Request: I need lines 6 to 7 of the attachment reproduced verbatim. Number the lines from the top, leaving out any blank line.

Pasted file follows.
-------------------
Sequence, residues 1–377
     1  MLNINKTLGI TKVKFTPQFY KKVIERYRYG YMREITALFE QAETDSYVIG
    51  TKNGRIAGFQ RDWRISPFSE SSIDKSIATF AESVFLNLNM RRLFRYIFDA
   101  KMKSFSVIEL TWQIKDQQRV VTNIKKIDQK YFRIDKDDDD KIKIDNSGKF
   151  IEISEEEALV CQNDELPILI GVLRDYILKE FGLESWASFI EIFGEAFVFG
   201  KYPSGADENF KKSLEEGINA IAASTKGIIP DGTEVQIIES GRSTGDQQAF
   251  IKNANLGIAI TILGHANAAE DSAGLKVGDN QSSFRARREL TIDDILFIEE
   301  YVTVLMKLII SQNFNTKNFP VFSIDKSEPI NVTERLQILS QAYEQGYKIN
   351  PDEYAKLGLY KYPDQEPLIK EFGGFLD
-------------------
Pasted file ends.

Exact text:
   201  KYPSGADENF KKSLEEGINA IAASTKGIIP DGTEVQIIES GRSTGDQQAF
   251  IKNANLGIAI TILGHANAAE DSAGLKVGDN QSSFRARREL TIDDILFIEE